A comparison of Run1 and Run2 is shown in Fig. 10. Speed and density are modelled similarly in both cases. The arrival time of CME2 in both Run1 and Run2 is delayed by ∼3 h as compared to the observed ToA of the shock. Using tilt in Run2, the prolonged positive Bz component is well reproduced and the negative By component better matches observations compared to the use of tilt in Run1. Through this experiment, we developed an understanding of the circumstances that led to the formation of the positive Bz component in ME2 instead of the predicted prolonged negative Bz component. Run1 (tilt) does not seem to rotate significantly in the heliospheric domain of our simulation to match the observations at 1 au (tilt). This suggests that the flux rope must have undergone rotation in the corona (i.e. within 0.1 au) up to reaching tilt, where it would then have propagated in the heliosphere without significant rotation resulting in the observed magnetic field profile at 1 au.

thumbnail Fig. 10.

Time series plot showing a comparison between the simulations with different orientations of CME2 modelled with FRi3D, at Earth: Run1 (blue) is simulated with tilt (deduced based on the orientation close to 1 R) and Run2 (red) with tilt (similar to the tilt at 1 au). Both the orientations follow the same geometrical tilt derived from the 3D reconstruction at 0.1 au but with two different axial magnetic field orientations. From top to bottom: Speed (v), proton number density (np), Bx, By, Bz, magnetic field strength (|B|), and plasma beta (β). The solid line and the shaded regions show the profile at Earth and in the 5–10° latitudinal and longitudinal offset around Earth, respectively.

6.2. Propagation of CME1 only

In this section, we discuss the results of Run3. We first initialised the CME with vrad = 497 km s−1, and yet the CME arrived at Earth ∼4 h earlier than the observed time of arrival. As the main purpose of this study is to understand the CME magnetic field signatures rather than to predict the CME arrival times, we optimised the vrad to 450 km s−1 in order to model the latter interaction with CME2 in Run4 more accurately. The modelled time series of the physical parameters at Earth are presented in Fig. 11. After reducing the CME speed as described above, the shock of CME1 is modelled to arrive on 2014-09-11 at 23:23 UT (43 min later than the actual CME1 arrival), as visible in the sharp increases in the speed and proton density profiles. The drop in β on ∼2014-09-12 at 12:00 UT is due to the passage of ME1 at its flank, that is, the southwest portion of the magnetic ejecta associated with CME1 (see figures in Sect. 6.3). There is no clear rotation in the magnetic field components. A leading positive Bz signature is obtained (slightly overestimated) followed by a weak trailing negative Bz component.

thumbnail Fig. 11.

Results of Run3 where CME1 is modelled with the spheromak model. The figure description is similar to that of Fig. 10.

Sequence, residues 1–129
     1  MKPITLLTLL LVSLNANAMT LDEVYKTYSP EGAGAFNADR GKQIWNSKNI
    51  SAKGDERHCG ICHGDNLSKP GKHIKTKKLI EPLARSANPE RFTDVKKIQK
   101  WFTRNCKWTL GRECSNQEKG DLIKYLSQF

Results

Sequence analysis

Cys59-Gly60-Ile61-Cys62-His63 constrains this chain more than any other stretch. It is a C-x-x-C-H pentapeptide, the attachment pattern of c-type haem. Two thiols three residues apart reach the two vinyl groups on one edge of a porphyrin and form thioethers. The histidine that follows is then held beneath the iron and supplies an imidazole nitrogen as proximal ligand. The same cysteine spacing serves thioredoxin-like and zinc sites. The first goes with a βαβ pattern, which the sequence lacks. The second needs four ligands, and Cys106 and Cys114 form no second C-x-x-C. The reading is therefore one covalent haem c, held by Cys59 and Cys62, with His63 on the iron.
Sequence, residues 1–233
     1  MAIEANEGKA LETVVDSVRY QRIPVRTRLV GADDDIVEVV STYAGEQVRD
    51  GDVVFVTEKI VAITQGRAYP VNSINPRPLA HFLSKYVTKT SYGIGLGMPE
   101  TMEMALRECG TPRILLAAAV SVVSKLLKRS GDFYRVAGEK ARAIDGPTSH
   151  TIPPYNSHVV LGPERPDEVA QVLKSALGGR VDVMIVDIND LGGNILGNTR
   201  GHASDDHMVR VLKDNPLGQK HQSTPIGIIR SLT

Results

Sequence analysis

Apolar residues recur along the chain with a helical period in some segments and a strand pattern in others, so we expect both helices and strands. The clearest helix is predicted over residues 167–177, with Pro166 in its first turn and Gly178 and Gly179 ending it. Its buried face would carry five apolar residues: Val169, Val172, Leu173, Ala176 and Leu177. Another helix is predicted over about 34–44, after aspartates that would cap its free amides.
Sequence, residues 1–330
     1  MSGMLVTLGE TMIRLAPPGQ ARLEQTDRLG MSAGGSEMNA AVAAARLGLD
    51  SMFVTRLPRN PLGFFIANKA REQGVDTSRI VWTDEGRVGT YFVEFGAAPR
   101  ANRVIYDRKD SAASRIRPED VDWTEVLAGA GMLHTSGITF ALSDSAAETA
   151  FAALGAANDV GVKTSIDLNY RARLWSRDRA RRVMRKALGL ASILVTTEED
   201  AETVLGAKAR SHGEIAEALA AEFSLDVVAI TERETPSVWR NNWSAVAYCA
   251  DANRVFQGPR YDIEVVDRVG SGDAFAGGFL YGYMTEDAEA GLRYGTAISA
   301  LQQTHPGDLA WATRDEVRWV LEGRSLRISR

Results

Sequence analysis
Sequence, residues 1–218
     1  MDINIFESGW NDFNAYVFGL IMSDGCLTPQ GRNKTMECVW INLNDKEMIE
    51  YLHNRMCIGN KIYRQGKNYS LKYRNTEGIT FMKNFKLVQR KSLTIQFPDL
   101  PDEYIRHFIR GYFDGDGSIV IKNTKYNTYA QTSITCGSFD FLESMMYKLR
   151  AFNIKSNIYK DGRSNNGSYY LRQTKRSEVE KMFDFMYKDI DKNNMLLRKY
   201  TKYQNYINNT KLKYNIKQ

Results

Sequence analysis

6.3. Propagation of CME1 followed by CME2

Based on the previous runs, we find that the most accurate modelling of the CME2 signatures at 1 au (in Run4) arises from the simulation of CME1 as in Run3 and of CME2 as in Run2. The results of Run4 are discussed and compared to Run2 in this section. In Fig. 12, the plasma and magnetic field properties of Run4 are over-plotted on the results of Run2 so that we can distinguish the features due to the possible CME–CME interaction in the presence of CME1 in Run4. The solid vertical lines in blue, green, cyan, and magenta correspond to S1, the start of ME1, S2, and the start of ME2 in Run4. The shaded regions around the solid line of the simulation time series represent the same physical properties in the vicinity of ±5–10° in latitude (σθ) and longitude (σϕ) around Earth. We first analyse the speed and number density in the time series plot at Earth to compare the effect of CME1 in Run4. In the absence of CME1 (Run2), CME2 arrived at Earth ∼3 h later than observations, while in the presence of CME1 (Run4), CME2 arrived at Earth ∼3 h earlier with respect to the observations, implying that it was sped up by ∼6 h by CME1. The passage of CME1 creates a low-density region ahead of CME2 that allows it to expand faster, leading to a higher shock speed and a depletion in density inside the flux rope (the np peak is lower in Run4 than Run2). In Run4, the difference between the arrival time of the CMEs is ∼13 h. It is to be noted that ToA is the arrival time of the CME shock. The sheath and the magnetic ejecta following the shocks are extended structures in the radial direction (the magnetic ejecta alone can be up to 0.5 au in radial size at 1 au for very large or expanding events). Therefore, even if the CME2 shock arrives 16 h after the CME1 shock, this does not imply the absence of interaction between the two structures. The trailing part of ME1 is in fact interacting with CME2 in this case.